Introduction: Whether exposure to the 848.5 MHz code division multiple access (CDMA) signal affects adult neurogenesis is unclear. Materials and methods: An animal experiment was performed with a reverberation chamber designed as a whole-body CDMA exposure system. Male Sprague-Dawley rats were assigned to three groups (n = 6 per group): Cage-control, sham-exposed, and CDMA-exposed groups. Rats in the CDMA-exposed group were exposed to the CDMA signal at a 2 W/kg whole-body specific absorption rate (SAR) for 1 or 8 h daily, 5 days per week, for 2 weeks. Rats received a single intraperitoneal injection of Bromodeoxyuridine (BrdU) to label proliferative cells daily for the last five consecutive days of CDMA signal exposure. An unbiased stereological method was used to estimate the number of BrdU+ cells in the subventricular zone (SVZ) and dentate gyrus (DG). Results: We found no significant changes in the number of BrdU+ cells in the SVZ or DG in the CDMA-exposed rats, compared with rats in the cage-control and sham-exposed groups (p > 0.05). Conclusion: Our results suggest that exposure to the CDMA signal does not affect neurogenesis in the adult rat brain, at least under our experimental conditions.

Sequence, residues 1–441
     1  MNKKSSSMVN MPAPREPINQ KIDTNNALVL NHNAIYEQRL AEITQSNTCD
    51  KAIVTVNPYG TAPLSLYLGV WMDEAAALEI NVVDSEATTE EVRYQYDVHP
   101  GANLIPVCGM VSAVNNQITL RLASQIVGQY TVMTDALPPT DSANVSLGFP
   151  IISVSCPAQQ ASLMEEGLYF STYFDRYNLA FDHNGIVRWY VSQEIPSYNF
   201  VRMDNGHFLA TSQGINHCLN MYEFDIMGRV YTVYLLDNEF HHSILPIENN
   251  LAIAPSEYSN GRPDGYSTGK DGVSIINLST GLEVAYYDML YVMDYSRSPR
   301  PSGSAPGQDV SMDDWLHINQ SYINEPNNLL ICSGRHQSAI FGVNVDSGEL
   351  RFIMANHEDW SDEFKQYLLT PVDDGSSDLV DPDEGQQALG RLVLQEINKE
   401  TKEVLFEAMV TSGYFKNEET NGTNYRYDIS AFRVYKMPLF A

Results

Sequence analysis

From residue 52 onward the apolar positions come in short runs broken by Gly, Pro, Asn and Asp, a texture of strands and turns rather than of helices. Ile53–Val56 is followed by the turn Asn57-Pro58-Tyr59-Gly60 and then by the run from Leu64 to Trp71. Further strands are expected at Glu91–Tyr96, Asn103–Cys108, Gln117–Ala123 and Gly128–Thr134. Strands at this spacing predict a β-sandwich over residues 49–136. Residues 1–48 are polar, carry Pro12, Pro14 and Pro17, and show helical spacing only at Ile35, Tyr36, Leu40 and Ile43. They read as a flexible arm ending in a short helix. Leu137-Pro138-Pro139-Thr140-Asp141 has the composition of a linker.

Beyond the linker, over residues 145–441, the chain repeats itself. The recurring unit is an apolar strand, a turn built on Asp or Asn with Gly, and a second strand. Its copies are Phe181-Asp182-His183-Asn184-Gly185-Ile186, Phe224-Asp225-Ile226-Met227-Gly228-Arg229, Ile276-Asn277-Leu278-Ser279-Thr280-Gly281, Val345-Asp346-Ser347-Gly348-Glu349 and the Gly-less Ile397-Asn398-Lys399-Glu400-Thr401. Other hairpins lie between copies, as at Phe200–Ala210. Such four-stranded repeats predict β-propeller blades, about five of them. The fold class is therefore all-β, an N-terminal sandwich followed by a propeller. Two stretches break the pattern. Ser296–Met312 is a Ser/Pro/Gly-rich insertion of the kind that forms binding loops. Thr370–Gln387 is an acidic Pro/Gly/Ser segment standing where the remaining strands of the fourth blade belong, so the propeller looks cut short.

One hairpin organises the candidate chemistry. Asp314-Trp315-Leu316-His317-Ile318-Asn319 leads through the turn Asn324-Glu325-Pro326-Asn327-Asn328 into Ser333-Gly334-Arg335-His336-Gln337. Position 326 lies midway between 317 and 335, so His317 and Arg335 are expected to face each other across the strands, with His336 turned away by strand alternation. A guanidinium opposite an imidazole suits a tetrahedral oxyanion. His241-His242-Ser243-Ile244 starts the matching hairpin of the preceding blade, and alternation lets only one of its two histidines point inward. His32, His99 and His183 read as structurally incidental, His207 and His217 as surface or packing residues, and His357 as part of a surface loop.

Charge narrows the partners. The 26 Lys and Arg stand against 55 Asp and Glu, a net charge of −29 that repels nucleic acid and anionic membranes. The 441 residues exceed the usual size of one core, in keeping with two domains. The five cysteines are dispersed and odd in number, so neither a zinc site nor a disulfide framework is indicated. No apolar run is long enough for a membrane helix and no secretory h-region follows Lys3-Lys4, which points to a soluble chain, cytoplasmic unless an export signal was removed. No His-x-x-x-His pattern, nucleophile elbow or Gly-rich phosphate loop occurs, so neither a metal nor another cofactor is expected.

Bibliographical noteFunding Information:
This work was supported by ICT R & D program of MSIP/ IITP [13-911-01-105, A Study on Health Effects and Protection of EMF].
© 2015 Informa UK, Ltd.
- Bromodeoxyuridine (BrdU)
- Cell proliferation
- Dentate gyrus
- Radio waves
- Subventricular zone